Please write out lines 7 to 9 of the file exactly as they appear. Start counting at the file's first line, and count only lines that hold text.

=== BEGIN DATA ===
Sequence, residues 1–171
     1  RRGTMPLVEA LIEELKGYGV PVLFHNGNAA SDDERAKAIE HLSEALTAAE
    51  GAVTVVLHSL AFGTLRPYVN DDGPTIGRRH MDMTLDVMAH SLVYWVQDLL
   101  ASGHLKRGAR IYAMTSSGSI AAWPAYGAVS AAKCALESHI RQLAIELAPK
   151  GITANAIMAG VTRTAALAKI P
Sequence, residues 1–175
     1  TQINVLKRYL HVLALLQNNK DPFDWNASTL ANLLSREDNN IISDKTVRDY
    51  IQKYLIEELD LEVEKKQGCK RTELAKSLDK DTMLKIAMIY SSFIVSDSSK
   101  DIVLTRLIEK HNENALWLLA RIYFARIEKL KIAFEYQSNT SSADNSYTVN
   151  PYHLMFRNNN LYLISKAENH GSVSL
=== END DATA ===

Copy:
     1  TQINVLKRYL HVLALLQNNK DPFDWNASTL ANLLSREDNN IISDKTVRDY
    51  IQKYLIEELD LEVEKKQGCK RTELAKSLDK DTMLKIAMIY SSFIVSDSSK
   101  DIVLTRLIEK HNENALWLLA RIYFARIEKL KIAFEYQSNT SSADNSYTVN